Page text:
The commodity-driven appreciation pressure eased in the meantime, largely driven by Chinese demand. No market illustrates China's rise in recent decades more clearly than the commodity market. China now imports about 75% of the iron ore traded globally. The 60% of global trade volume provided by Australia is almost entirely accounted for by China (source: Statista (Import Value of Iron Ore to China, 12.2021).
Experts often cite as a rule of thumb that almost every natural resource is consumed by 50% or more in China. Be it copper, aluminium, steel or coal, China dominates as a consumer. This is due in particular to the fact that China traditionally manages its set economic growth quotas through infrastructure programmes. These are inherently resource-intensive and the high demand for construction steel in particular regularly stimulates iron ore demand.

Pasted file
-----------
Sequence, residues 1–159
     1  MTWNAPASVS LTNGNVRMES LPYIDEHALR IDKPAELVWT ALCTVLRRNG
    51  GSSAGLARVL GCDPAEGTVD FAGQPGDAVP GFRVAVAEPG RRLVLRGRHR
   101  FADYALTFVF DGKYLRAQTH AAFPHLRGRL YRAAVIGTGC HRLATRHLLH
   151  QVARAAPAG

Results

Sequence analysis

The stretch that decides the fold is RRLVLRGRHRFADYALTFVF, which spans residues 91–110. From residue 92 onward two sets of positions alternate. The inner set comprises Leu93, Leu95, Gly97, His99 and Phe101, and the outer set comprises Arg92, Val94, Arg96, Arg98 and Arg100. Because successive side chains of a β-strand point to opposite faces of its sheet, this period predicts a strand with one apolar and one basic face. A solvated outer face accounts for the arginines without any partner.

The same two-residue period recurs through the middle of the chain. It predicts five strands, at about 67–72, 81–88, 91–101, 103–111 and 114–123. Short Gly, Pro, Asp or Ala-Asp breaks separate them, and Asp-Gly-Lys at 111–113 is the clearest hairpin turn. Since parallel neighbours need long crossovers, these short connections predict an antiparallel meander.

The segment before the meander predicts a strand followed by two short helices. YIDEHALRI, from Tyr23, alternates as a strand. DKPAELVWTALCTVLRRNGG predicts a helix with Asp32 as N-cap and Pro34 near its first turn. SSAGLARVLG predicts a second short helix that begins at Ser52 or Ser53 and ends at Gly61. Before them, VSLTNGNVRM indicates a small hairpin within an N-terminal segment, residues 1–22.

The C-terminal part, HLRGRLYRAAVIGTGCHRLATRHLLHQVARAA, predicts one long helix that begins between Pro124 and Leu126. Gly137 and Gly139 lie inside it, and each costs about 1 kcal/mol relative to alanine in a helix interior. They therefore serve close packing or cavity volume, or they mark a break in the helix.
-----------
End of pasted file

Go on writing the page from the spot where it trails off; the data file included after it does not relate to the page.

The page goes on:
This high interdependence between Australia's trade surplus and Chinese demand caused the AUD to fluctuate sharply. At the beginning of the year, the AUD initially appreciated on the back of robust Chinese demand and supply deficits resulting from the Ukraine war. When lockdowns were enforced in China on the basis of high infection figures, ports were closed and the construction industry was affected, this had the opposite effect on the AUD. However, it can be anticipated that when the Chinese economy opens up, catch-up effects will kick in to achieve growth targets and thus a stronger appreciation of the AUD could set in.